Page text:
Sunday, April 01, 2007

Nair stays true to "Namesake"; Godzilla meets comedy in "The Host"

Sorry for the long absence - I took time off in March to do a lot of reassessment of everything. And although I saw "The Namesake" a while ago, it took me some time to write a review. The ones that are closer to my heart are always the hardest ones to write. But anyway, I'm back, and here is...


directed by Mira Nair
starring Kal Penn, Irfan Khan, Tabu, Jacinda Barrett, Zuleikha Robinson
based on the novel by Jhumpa Lahiri

I almost wish I hadn’t read The Namesake before seeing the film. Not that there’s anything wrong with the latter; it’s actually quite good. But it’s hard for me to see any literary adaptation as a film first and foremost, rather than as an adaptation, especially if I have any attachment to the book—notwithstanding my firm belief that an overly literal-minded attachment to a book can kill any chance a film has of standing on its own. The key is to remain absolutely faithful to the spirit of the book, which requires a certain amount of fidelity—but not too much—to its letter. The correct balance varies widely from one book to the next.

Jhumpa Lahiri’s The Namesake isn’t the most difficult novel to adapt in this respect, though it certainly isn’t the easiest, either, given that most of its narrative is conveyed through the internalized perspectives of its central characters. By most measures, the film gets the balance admirably right. To be sure, in its broad brushstrokes the story is one we’ve seen before, though that doesn’t rob it of its basic resonance. It’s a tale of displacement and diaspora, at once universal and particular, both global and peculiarly American. It details the struggle of immigrants to adapt to an alien society without losing their original cultural identity and the struggle of their offspring to reconcile their fractured inheritance of that identity with their own desire to fit in among their peers, free of conflicting cultural baggage.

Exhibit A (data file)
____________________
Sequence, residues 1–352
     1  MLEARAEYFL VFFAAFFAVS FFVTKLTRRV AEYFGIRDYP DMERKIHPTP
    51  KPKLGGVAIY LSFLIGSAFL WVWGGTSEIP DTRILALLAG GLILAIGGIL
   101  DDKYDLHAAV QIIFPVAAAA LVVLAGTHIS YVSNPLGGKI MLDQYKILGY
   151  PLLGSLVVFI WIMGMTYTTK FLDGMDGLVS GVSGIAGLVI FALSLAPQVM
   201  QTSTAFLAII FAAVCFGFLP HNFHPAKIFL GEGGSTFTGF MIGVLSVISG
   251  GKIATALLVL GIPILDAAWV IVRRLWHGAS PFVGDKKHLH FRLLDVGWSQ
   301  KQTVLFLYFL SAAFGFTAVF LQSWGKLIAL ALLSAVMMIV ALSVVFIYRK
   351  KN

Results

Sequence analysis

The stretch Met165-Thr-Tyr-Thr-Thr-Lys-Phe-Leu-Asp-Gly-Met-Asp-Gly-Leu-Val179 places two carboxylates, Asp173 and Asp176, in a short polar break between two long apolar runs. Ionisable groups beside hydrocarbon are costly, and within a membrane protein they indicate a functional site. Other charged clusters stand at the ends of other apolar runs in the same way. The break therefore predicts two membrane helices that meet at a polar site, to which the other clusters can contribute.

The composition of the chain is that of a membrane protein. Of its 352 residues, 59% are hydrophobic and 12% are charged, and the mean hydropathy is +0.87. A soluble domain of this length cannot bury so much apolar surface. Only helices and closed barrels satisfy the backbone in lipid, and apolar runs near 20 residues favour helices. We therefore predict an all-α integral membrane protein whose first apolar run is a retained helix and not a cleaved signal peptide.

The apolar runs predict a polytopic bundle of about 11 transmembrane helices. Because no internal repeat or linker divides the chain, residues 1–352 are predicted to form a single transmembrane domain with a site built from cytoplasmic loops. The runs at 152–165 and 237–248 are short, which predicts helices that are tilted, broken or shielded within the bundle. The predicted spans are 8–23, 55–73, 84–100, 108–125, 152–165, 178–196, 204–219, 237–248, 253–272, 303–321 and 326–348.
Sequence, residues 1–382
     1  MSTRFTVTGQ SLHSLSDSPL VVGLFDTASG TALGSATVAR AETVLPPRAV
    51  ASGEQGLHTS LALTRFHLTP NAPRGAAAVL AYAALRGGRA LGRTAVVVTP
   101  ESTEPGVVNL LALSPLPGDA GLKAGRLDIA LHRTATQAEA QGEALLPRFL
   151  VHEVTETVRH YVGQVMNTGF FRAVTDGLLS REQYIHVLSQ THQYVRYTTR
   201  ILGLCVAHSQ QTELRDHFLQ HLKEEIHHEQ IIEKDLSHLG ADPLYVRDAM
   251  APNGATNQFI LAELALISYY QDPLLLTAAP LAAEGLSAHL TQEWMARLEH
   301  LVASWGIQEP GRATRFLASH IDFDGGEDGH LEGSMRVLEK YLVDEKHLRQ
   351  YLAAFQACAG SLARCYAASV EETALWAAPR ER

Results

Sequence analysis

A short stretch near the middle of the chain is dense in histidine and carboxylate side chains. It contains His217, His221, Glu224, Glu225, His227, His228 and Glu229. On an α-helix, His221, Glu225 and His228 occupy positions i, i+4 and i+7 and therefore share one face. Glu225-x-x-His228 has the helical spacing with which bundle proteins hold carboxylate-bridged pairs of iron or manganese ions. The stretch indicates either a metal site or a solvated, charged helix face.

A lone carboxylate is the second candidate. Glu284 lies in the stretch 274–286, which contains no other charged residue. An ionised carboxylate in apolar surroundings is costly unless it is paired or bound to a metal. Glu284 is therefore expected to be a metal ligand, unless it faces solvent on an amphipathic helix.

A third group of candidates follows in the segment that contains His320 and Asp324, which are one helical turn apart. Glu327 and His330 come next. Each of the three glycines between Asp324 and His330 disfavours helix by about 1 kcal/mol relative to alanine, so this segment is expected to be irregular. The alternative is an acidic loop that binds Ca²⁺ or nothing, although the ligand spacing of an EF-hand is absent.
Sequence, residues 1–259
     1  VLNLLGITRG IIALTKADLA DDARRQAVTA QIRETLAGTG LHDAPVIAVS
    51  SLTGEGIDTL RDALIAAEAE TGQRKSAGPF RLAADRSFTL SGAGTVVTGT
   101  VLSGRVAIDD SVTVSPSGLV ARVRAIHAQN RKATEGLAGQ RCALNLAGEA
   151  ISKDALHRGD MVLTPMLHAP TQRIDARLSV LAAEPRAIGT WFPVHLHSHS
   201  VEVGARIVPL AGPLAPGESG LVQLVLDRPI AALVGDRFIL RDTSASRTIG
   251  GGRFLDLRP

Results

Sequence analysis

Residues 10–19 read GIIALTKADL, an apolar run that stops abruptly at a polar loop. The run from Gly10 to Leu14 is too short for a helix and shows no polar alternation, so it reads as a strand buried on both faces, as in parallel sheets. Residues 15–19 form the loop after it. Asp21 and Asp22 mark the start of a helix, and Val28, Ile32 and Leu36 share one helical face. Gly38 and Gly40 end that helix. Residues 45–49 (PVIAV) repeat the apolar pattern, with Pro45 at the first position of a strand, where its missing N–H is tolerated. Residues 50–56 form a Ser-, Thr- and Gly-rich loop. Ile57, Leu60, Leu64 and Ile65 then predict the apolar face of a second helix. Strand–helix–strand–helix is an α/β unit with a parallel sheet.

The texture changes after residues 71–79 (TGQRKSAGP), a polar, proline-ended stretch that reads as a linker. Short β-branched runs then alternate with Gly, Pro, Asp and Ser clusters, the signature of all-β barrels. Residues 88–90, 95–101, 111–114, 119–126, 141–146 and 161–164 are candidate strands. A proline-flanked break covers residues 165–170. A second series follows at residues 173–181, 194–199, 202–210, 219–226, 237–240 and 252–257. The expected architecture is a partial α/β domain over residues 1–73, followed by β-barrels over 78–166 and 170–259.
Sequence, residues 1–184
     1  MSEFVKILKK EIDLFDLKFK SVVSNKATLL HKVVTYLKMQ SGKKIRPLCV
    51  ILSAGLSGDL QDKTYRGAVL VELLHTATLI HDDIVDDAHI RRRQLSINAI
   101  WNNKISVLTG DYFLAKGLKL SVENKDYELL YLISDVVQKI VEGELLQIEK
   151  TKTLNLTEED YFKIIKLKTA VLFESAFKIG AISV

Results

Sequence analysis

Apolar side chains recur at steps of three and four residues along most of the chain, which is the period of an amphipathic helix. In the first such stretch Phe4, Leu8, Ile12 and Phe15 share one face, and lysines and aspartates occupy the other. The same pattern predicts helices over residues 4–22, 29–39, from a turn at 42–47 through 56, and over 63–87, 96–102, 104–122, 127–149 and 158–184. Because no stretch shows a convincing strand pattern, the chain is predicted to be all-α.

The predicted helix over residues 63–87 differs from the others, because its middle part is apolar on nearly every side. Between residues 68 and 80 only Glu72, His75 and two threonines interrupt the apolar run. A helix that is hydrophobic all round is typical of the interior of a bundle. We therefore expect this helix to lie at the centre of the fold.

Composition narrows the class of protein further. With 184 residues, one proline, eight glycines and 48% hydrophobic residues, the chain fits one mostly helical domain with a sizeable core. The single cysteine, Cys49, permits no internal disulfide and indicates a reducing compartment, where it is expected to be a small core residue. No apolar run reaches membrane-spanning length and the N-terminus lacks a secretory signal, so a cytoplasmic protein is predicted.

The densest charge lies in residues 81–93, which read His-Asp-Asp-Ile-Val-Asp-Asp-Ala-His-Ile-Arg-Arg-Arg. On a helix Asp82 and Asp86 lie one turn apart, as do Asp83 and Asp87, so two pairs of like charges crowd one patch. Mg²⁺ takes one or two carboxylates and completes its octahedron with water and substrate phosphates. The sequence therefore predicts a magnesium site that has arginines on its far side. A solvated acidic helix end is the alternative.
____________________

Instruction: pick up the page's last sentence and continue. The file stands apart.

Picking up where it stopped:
“The Namesake” begins by tracing the journey of displaced Bengalis Ashok and Ashima Ganguli (beautifully played by veteran Indian actors Irfan Khan and Tabu), a couple linked through an arranged marriage who only come to know each other once they move to the United States. There Ashok becomes a successful professor of engineering, and he and Ashima have a son, Gogol (Kal Penn), named for Ashok’s favorite author, and a daughter, Sonia (Sahira Nair). As the children grow up, the narrative shifts focus largely to Gogol, who changes his name and gradually distances himself from his family by, among other things, becoming romantically involved with an upper-middle-class WASP (Jacinda Barrett in a hideously unflattering blond wig) and embracing her serenely privileged lifestyle—if not her casual, unselfconscious sense of entitlement. Tragic events pull him back to the heart of his family and cause him to reevaluate his attitude towards his Indian roots. Yet as he comes closer to accepting his compound heritage—even pursuing a romance with a fellow first-generation Bengali American (Zuleikha Robinson)—he learns there are no easy answers to the conundrum of being, to borrow an academic phrase quoted in the book, an “ABCD” (American-born confused deshi).